From the shadows of the Muse Online Writers Conference emerges an outstanding poet, Jennifer Ruth Jackson. We were delighted to have these particular poets in our poetry class at the conference. They all displayed enthusiasm and grace in tackling new forms.
Without further ado, here is Jennifer Ruth Jackson:
Who I am
My name is Jennifer Ruth Jackson. I’m a wife, writer, crafter, and murderer of stick figures. I have written poetry most of my life and short fiction is climbing up there. I love horror/fantasy but am not tied to any genre. My work is forthcoming/published in Strange Horizons, Paper Nautilus, Kaleidoscope Magazine, and more. Oh, and I’m disabled.
The Muse Online Writers Conference
I believed, at first, the Poetic Muselings were playing a joke on us conference newbies. A poem based on anagrams. Sure, right, uh huh. Then we’re supposed to describe them in alternating lines. Good one, ladies! Oh, wait, they weren’t joking. Crud.
I wasn’t the most cheerful attendee when the first homework assignment came at us. Usually, I enjoy playing with different poetic forms but this one seemed so, restrictive. I didn’t think I was even going to make it through. But, I did. I found words that worked and tinkered around until it sat fairly well. And then I let everyone share their thoughts on it with me. That is where things really began to shine.
The people who worked with me and for me during that workshop (and entire conference) were the best assets to the whole operation. I received incredible feedback, met people much more talented and insightful than myself, tried new things, and got what everyone has always told me a “great conference is supposed to give”. I even found a new writing partner.
I took multiple workshops (and lurked in others) and was always surprised by how much there was to take in. The offerings were so numerous that I never lacked for something to do. If you attend this year, you are certain to see me there.
My Writing Advice
I can’t tell you anything you haven’t already heard but, if I have to repeat something, it had better be something darn good and something I apply to my own life/craft.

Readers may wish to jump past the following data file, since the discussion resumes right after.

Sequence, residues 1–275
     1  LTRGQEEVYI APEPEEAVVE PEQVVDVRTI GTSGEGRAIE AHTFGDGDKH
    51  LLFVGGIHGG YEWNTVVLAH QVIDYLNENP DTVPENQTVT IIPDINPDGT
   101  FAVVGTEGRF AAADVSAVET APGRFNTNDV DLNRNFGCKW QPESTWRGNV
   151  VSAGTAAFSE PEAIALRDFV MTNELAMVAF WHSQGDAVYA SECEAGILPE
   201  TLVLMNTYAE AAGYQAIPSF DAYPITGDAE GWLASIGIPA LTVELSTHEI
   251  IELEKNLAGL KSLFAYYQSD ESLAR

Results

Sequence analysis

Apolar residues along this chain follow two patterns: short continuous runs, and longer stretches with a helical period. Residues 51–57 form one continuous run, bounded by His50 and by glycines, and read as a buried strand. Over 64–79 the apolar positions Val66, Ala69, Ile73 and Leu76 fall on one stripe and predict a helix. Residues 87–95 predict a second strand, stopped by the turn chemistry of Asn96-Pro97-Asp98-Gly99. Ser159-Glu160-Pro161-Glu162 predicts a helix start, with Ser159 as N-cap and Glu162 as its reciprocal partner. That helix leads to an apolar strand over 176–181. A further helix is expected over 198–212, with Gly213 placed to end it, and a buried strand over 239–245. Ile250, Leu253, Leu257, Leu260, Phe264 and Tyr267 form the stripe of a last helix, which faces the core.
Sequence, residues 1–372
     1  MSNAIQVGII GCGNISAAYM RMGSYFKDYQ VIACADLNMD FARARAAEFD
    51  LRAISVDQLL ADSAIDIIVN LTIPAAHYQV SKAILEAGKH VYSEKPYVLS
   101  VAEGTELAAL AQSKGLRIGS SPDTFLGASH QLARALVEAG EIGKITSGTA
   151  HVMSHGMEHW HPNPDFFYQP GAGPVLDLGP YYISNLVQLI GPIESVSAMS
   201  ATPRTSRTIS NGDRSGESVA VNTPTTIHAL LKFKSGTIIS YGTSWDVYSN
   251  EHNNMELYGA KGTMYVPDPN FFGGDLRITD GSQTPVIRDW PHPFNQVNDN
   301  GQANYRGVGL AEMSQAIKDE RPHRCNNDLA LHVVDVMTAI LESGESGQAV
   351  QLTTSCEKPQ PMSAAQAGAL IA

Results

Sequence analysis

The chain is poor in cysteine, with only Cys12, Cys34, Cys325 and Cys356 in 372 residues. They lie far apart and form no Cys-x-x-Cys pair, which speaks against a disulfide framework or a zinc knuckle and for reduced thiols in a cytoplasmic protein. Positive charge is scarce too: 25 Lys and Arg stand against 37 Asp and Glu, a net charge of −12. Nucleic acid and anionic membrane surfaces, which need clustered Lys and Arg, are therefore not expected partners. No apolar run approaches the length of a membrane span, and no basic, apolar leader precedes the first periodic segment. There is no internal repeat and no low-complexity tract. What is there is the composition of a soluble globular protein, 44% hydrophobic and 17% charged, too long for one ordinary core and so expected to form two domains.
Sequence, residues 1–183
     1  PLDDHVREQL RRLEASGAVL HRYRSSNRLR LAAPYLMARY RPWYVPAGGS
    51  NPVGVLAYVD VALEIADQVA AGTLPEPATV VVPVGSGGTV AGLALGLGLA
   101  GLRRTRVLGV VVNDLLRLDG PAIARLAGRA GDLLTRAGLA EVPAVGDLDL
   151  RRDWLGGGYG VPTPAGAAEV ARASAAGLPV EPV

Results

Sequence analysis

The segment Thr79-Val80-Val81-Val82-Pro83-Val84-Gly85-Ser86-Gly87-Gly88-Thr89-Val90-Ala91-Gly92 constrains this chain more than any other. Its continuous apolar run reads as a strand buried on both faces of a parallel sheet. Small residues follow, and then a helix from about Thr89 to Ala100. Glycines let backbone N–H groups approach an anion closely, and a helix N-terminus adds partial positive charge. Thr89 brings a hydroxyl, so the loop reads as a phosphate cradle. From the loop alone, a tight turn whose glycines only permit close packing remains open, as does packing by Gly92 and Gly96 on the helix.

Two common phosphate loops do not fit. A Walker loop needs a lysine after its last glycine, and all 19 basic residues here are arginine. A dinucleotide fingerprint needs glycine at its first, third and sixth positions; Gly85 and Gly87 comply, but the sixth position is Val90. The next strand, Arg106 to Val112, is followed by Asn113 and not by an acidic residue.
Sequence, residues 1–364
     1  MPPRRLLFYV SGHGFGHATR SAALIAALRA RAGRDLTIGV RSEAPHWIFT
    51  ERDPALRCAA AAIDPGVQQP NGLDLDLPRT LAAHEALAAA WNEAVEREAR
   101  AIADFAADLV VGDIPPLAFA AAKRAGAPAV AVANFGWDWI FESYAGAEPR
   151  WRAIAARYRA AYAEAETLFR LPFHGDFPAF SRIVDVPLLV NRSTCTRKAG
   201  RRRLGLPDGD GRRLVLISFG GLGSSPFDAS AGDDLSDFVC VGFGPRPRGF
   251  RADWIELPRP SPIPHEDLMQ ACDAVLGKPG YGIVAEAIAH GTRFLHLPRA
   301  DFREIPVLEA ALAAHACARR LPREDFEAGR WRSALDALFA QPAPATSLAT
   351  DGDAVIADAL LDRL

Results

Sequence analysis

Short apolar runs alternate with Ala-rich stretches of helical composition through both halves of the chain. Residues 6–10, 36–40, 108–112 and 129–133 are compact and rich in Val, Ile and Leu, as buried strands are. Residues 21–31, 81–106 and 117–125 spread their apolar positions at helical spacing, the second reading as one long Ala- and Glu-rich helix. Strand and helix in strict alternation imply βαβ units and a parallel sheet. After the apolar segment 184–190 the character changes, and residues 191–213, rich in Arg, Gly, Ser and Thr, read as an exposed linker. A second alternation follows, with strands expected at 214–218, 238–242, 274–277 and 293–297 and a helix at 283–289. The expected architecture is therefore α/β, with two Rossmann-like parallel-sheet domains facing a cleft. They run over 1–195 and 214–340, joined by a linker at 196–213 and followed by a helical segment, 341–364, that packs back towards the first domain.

So, here it is: Be true. True to your readers who are looking for the wounds, the passion, the excitement, the connection to something larger than themselves. True to your writing by creating worlds that resonate with you and don’t just chase a trend. And, hardest of all, be true to yourself and every messy, silly, embarrassing, enchanting thing that comes with it.
My mystery kept her up all hours.
While her husband slept oblivious,
she caressed my contours with gentle hands.
Her breath, excited in the darkness,
shot through me like an arrow of misery.
Evils stirred inside me with every touch.
Sick, slimy things that snaked through me
I struggled against the drowning panic,
knowing one day she’d hold the key
and release everything I tried to keep inside.
Realization and dread would finally quell
her innocent curiosity gone awry,
with only hope to comfort her kind.
But I miss the nights of being hers, just the same.
Dark genre sins
dance beneath moon and pen
across a million backs
And regress ink
to smeared, wet syllables
Spinning straw to silk
Spindle golden needle thread
Through patient hands, steady wheel
To become butterfly wings
“Make visible what, without you, might perhaps never have been seen.”~Robert Bresson, French Film Director
Comments on: "Make Visible: Jennifer Ruth Jackson" (7)
‘Pandora’s Jar’ … very evocative … nicely done! … I want the rest of the story … but then, i’m a novelist!
Hi Jen. Thanks for sharing your lovely poetry. I really like ‘Passage’… and in ‘Darkness Reign’ your images are rich and visual. Great poems! I second what you said about “creating worlds that resonate with you” … YES!
Thank you both.
And thank you, Muselings, for having me!
Yes, Jen had to be dragged kicking and screaming through some of the exercises, but the results were outstanding, and . . . I’m glad to hear, fun as well as a huge creative stretch. We loved her poems, and the insights she shared about the works of others in the group. Thank you, Jennifer, for being part of that mighty week, and your bravery to post with us here.
Hi Jen, thanks for sharing your poetry with us. 🙂
Sure, Kitty. It was fun!.
I know, Michele, but I’m getting better. I still don’t have a description of my inner critic other than it’s venomous.
One of the things I really wrestle with as a writer is the balance of confidence and humility. It is so difficult for me to say, “Hey, listen to my voice/read my work” because it feels cocky. It didn’t used to be that way; I used to (in my late teens) have a Saturn-sized ego. I’m glad I’m not like that anymore but miss the rush of delusional superiority (I wasn’t quite that bad but…). Am I the only one who falls on one side always? Will there come a day where self-promotion is easier?
Yea, I’m with you Jen about self-promotion. For me it’s kind of like a little fantasy blurb, minus the dragons, wings and fairy dust. 🙂